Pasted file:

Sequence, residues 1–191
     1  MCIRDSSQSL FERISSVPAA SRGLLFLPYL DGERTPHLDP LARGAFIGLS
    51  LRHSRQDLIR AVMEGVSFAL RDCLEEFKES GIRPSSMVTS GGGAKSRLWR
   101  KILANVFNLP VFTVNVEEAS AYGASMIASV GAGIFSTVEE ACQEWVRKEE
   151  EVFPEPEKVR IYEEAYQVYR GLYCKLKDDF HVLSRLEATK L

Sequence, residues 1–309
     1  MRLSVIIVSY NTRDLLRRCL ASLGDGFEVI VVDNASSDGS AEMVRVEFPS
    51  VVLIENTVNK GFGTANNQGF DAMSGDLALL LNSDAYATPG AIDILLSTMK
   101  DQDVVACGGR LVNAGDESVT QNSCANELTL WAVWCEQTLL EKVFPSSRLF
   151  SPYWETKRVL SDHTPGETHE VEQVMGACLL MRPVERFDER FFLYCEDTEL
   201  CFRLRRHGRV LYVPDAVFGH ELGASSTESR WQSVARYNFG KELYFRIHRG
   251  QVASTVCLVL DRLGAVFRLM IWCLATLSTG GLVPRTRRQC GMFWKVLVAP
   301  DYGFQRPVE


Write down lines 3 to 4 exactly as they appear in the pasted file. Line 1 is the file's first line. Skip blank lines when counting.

    51  LRHSRQDLIR AVMEGVSFAL RDCLEEFKES GIRPSSMVTS GGGAKSRLWR
   101  KILANVFNLP VFTVNVEEAS AYGASMIASV GAGIFSTVEE ACQEWVRKEE